I don't wish to question the value of Boris Johnson's admirable aim of helping more middle income Londoners on to the housing ladder.
However, with more than a third of a million London households on waiting lists for affordable social housing and three quarters of a million living in overcrowded conditions, plus the credit crunch creating its own disastrous impact on the housing market, it would seem that the Mayor is somewhat missing the point.
Intermediate (low-cost home ownership) housing is simply still out of the reach of a huge number of the least well-off Londoners, who are in dire need
of quality, affordable homes to rent, in particular family-sized units. The Mayor's housing strategy will do little to help these people, essentially condemning them to further years in unsuitable housing - a result being growing children unable to enjoy their own space to learn, play and develop as their more well-off counterparts do.
Furthermore, the Mayor needs to get this right and show direction and leadership to ensure that all the boroughs deliver the numbers of new homes they require. Track records from some boroughs indicate that this may well just not happen.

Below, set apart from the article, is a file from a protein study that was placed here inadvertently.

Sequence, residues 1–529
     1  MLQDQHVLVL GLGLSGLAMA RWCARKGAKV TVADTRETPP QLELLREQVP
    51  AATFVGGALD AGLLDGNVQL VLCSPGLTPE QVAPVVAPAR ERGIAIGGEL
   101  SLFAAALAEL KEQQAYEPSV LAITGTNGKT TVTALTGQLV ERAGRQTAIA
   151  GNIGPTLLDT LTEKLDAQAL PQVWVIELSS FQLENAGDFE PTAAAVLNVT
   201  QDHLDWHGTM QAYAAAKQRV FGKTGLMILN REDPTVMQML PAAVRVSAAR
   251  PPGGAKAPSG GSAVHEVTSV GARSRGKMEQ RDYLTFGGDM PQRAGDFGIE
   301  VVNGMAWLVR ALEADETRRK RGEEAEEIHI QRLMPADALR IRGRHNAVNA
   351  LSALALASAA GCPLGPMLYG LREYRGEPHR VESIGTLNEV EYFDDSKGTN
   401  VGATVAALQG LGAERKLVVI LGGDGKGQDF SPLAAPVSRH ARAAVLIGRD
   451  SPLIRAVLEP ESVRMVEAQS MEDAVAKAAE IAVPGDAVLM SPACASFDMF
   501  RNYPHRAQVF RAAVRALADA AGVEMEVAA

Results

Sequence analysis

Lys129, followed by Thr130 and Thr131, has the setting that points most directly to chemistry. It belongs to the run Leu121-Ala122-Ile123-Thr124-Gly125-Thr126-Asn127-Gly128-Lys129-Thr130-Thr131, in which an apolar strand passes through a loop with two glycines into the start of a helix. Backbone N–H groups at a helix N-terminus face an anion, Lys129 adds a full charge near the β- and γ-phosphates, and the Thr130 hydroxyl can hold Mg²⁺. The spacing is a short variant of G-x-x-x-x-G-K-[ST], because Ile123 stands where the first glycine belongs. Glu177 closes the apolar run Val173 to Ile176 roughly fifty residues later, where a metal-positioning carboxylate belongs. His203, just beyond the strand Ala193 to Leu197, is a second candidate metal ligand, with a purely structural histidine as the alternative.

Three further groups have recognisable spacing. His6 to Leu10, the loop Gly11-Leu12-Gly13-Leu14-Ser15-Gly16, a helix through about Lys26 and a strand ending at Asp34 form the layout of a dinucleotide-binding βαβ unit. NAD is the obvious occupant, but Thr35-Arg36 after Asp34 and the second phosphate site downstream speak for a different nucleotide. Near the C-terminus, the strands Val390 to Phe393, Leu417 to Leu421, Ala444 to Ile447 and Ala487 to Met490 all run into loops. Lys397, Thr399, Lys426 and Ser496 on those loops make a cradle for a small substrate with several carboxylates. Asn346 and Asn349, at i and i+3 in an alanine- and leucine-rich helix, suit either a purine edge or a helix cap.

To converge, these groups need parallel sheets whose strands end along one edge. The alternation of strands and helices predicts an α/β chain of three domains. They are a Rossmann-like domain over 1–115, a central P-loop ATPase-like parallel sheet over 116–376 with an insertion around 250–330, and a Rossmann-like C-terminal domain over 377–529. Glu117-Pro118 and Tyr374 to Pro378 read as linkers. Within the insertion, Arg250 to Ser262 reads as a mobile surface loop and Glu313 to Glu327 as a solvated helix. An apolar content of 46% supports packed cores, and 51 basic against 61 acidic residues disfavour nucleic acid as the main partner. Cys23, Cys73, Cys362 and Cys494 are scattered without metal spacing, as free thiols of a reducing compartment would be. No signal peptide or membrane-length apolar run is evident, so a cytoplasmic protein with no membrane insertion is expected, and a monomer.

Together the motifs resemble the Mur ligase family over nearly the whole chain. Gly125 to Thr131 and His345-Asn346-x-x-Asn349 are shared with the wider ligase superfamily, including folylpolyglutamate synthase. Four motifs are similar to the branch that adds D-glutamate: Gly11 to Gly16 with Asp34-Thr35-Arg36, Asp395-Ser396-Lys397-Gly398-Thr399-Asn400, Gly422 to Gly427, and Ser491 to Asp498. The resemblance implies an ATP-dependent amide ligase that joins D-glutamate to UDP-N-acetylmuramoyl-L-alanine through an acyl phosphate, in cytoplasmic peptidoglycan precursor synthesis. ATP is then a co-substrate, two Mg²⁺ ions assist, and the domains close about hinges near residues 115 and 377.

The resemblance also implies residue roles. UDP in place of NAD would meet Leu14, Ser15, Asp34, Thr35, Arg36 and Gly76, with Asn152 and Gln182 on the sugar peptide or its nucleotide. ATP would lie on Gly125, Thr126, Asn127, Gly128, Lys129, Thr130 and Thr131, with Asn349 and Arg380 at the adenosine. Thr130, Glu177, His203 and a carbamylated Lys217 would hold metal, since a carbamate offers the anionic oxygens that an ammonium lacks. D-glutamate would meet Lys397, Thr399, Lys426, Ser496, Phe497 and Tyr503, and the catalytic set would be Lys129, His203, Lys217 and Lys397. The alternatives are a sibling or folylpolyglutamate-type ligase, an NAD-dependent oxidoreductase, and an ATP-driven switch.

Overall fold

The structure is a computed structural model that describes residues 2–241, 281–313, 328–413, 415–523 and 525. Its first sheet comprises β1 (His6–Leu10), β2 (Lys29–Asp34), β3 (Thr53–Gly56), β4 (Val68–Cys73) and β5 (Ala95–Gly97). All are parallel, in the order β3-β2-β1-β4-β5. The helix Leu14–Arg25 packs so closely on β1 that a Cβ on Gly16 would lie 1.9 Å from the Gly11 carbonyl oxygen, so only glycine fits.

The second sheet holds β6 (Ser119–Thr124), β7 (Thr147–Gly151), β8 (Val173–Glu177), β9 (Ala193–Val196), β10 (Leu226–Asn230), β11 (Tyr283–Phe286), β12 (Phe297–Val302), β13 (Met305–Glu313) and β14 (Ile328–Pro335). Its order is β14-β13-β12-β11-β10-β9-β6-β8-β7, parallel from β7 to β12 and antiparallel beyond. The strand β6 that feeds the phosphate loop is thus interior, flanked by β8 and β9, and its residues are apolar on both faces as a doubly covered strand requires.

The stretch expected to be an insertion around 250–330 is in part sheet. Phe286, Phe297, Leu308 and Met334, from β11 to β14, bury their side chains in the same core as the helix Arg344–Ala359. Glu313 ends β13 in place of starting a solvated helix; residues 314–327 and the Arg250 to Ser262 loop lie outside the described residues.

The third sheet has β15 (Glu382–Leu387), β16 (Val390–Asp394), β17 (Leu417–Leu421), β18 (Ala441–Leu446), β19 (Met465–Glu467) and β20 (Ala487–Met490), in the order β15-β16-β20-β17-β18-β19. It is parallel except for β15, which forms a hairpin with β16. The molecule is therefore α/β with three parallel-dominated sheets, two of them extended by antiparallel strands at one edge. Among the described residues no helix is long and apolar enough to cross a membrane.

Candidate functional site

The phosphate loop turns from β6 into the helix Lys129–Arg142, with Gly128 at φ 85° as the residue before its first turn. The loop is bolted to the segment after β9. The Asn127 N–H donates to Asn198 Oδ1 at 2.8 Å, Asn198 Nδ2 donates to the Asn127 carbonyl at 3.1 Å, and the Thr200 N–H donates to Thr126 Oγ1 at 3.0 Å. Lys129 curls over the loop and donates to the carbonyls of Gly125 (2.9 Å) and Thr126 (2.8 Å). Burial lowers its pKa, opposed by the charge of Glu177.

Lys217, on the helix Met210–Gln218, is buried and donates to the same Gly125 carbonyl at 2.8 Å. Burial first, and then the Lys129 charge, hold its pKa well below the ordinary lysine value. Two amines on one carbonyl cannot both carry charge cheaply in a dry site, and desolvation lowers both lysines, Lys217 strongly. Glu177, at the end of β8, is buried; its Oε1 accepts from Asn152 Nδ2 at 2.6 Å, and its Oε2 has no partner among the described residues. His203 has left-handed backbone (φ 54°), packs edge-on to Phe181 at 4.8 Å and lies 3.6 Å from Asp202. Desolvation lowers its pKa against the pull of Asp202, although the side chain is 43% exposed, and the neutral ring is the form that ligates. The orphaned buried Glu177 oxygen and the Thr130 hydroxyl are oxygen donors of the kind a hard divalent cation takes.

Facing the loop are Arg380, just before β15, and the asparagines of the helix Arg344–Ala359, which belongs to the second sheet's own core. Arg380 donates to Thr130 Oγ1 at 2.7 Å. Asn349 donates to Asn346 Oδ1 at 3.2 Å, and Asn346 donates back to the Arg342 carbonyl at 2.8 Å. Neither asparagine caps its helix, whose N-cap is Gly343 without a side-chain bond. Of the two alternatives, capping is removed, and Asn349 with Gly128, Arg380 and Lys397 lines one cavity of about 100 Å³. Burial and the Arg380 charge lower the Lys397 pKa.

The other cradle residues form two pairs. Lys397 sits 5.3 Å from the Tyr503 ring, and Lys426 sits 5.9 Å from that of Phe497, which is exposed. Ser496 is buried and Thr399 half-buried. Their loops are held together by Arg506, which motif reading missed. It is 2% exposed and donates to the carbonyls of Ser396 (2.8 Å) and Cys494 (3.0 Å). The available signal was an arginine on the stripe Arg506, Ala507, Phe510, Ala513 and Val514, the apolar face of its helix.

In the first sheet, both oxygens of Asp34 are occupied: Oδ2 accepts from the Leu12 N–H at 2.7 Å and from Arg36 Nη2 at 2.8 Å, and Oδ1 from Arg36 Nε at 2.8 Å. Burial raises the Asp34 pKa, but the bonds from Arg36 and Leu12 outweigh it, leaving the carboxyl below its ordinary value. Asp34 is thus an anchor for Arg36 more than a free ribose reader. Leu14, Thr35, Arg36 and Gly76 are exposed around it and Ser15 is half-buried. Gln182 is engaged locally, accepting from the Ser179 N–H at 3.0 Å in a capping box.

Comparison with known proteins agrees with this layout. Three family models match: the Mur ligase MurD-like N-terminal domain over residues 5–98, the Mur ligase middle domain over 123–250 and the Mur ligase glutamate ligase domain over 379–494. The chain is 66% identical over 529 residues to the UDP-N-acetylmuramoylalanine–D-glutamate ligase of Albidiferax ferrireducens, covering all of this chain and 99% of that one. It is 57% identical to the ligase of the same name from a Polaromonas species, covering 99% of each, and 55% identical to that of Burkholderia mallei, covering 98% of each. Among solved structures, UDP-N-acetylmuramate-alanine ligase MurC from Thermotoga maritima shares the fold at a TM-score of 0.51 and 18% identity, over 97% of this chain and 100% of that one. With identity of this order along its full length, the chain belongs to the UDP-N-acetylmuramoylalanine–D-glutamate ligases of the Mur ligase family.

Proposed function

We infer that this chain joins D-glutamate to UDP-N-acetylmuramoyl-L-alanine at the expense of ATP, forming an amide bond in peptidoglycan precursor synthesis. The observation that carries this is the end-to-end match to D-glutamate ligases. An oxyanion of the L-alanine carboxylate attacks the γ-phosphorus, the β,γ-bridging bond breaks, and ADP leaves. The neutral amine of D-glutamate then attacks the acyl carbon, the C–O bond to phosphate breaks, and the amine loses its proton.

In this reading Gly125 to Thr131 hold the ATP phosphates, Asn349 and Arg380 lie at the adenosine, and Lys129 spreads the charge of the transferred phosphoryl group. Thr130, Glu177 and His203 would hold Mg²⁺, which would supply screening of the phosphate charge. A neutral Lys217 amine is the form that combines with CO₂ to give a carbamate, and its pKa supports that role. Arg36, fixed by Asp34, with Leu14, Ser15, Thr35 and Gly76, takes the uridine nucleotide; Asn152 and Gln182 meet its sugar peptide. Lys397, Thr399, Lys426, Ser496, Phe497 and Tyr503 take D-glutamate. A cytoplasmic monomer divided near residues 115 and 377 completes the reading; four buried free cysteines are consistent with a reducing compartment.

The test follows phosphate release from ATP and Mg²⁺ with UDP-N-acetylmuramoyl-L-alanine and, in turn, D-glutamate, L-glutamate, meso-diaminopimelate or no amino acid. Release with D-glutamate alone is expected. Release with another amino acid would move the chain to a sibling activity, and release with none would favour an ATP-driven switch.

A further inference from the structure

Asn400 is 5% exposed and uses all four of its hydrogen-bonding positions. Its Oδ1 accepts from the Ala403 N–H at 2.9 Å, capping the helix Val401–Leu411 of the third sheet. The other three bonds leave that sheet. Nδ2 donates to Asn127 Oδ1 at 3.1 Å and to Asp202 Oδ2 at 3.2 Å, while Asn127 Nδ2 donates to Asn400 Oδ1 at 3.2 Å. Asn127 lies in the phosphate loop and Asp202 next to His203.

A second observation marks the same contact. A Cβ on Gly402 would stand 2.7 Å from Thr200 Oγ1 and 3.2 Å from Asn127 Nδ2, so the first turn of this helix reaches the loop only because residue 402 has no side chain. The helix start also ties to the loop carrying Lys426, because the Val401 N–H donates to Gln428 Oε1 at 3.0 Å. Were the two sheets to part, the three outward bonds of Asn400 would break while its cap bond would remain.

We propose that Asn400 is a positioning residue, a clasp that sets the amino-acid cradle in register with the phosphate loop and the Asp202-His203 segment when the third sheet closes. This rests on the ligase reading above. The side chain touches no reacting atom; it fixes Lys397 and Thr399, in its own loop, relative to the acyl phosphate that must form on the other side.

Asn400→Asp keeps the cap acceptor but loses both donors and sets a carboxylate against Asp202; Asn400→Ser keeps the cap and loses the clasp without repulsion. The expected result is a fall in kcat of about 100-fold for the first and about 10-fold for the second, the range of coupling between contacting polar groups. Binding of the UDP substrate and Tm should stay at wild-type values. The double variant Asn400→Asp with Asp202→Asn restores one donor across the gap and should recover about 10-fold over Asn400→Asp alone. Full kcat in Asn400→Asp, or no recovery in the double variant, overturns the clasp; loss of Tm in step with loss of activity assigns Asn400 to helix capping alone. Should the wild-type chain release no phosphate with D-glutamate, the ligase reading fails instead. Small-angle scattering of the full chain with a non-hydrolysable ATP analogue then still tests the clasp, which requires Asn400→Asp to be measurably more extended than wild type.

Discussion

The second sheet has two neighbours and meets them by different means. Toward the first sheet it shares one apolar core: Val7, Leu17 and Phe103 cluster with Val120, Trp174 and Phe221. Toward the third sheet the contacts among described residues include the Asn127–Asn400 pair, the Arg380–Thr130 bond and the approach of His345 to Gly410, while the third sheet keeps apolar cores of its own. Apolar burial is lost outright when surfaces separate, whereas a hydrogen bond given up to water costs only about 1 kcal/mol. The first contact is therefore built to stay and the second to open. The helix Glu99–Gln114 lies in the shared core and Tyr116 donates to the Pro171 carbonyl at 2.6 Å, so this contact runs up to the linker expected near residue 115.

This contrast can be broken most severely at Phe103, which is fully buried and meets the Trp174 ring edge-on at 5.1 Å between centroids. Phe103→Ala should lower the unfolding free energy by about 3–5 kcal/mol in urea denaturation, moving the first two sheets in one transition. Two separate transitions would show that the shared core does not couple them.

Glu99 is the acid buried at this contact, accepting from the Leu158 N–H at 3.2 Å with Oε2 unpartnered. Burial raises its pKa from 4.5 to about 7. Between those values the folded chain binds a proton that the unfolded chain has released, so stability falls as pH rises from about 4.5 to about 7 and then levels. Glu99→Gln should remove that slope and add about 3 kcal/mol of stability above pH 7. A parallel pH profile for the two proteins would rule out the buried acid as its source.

For example, despite a housing waiting list of more than 10,000, Kensington and Chelsea Council delivered around 100 new units only during 2006-7 - just one per cent of the units required for the borough's residents.
While of course we should be helping people on to the housing ladder, thousands of Londoners are crying out for high-quality, low-cost homes to rent and over the next few years the waiting lists are only going to get longer.
Mr Johnson's commitment to home ownership at the expense of affordable renting is the wrong policy, especially in the current market conditions.
Boris has £5billion of government money to help Londoners in housing need, he needs to get his priorities right.
Nicky Gavron AM London-wide Labour Assembly Member